Extended Validation (EV) SSL Certificates are issued only when a Certification Authority (CA) checks to make sure that the applicant actually has the right to the specific domain name plus the CA conducts a very THOROUGH vetting (investigation) of the organization. The issuance process of EV Certificates is standardized and is strictly outlined in the EV Guidelines, which was created at the CA/Browser Forum in 2007, specifies the required steps that a CA must do before issuing an EV certificate:
- Must verify the legal, physical & operational existence of the entity.
- Must verify that the identity of the entity matches official records.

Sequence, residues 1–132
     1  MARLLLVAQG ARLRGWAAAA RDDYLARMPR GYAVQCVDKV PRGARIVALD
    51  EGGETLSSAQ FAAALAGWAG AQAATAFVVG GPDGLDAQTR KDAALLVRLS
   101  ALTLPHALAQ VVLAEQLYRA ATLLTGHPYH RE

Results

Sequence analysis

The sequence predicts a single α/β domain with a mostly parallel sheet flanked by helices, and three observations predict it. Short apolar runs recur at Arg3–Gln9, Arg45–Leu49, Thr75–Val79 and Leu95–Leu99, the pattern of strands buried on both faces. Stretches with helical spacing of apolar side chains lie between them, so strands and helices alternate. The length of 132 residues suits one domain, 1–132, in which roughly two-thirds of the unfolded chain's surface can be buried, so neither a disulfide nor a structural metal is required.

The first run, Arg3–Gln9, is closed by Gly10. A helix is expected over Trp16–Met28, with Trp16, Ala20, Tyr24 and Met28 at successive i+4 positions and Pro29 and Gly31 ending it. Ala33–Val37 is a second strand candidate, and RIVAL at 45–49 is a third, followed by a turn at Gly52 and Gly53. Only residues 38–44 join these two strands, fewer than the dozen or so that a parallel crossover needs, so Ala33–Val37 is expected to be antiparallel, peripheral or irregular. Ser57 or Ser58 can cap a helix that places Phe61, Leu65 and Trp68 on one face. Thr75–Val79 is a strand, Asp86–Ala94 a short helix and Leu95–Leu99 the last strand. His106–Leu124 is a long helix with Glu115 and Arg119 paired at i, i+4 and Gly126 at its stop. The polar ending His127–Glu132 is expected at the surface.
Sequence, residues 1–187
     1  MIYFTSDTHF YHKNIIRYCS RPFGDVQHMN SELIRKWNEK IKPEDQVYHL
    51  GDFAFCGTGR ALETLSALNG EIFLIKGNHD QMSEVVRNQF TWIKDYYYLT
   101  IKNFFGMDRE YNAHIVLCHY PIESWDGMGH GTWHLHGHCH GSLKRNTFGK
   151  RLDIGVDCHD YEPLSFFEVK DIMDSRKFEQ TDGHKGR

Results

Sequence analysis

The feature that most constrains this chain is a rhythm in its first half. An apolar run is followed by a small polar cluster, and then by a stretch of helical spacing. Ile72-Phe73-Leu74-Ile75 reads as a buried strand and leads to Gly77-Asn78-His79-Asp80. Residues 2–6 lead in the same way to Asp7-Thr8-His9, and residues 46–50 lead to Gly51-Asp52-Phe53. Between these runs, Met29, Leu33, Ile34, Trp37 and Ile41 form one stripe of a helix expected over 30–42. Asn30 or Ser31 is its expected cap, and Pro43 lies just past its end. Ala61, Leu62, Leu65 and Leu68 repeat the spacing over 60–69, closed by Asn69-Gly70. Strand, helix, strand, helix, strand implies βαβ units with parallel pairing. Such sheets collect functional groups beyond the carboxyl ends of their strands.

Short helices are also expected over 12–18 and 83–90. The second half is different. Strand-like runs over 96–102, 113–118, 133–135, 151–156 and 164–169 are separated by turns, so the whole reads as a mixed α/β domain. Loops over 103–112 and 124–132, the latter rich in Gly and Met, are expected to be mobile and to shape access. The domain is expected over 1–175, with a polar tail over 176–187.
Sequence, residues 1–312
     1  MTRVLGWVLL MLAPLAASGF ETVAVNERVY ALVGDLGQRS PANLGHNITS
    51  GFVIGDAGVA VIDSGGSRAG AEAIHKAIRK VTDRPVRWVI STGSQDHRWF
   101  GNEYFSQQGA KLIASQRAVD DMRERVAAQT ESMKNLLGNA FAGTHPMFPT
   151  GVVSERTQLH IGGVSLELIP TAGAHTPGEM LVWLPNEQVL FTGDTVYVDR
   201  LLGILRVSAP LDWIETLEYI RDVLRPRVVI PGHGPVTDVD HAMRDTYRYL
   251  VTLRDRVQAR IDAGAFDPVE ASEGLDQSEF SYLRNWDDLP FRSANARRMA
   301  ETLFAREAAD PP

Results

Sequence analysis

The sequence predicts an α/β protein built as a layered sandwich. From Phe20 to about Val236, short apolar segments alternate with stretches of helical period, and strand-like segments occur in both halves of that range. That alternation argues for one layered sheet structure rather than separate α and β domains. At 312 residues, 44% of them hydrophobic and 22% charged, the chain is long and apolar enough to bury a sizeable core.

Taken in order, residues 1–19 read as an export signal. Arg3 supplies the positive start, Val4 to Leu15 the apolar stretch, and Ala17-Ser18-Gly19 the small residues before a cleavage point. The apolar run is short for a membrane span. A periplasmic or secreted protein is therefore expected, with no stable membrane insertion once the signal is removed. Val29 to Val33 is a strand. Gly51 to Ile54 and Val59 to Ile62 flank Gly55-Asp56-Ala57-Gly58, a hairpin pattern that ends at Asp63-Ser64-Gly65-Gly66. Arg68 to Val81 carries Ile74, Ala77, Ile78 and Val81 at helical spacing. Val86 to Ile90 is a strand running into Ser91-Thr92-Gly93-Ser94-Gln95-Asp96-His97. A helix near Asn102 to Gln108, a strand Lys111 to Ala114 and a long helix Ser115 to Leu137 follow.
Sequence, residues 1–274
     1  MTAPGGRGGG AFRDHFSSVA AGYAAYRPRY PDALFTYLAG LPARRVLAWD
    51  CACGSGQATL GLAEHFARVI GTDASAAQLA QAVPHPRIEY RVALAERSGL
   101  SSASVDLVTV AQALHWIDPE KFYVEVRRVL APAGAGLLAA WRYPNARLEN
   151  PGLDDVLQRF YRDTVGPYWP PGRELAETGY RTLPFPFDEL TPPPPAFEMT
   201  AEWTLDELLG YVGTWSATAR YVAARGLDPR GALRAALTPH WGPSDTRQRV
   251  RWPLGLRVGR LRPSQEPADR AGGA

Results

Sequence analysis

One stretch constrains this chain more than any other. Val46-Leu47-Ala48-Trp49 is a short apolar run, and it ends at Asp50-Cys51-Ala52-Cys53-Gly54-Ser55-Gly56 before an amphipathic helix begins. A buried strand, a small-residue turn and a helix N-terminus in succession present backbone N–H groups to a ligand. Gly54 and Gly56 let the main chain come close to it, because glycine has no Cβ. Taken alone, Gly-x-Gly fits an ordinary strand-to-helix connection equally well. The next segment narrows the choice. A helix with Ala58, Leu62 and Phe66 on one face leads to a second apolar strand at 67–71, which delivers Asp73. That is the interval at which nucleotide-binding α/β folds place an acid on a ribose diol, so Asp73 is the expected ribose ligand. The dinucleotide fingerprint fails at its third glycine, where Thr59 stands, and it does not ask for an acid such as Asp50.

- Must verify that the entity has the exclusive right to use the domain specified in the EV Certificate.
- Must verify that the entity has properly authorized the issuance of the EV Certificate.
EV Certificates are used for all types of businesses, including government entities and both incorporated & unincorporated businesses. Takes about 10 days to issue.
A second set of guidelines are for the actual CA and it establishes the criteria to which a CA needs to be audited before being allowed to issue an EV Certificate. It is called, the EV Audit Guidelines, and they are always done every year to ensure the integrity of the issuance process.